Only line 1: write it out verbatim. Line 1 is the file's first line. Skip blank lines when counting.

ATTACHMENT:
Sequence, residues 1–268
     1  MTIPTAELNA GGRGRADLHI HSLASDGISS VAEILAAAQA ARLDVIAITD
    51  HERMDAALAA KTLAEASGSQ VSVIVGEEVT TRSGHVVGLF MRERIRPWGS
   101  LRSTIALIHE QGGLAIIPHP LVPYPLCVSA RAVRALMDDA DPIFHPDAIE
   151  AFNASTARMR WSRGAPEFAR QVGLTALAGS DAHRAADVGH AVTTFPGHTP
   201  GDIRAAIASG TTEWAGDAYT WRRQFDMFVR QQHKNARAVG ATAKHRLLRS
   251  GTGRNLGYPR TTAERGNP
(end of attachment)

Sequence, residues 1–268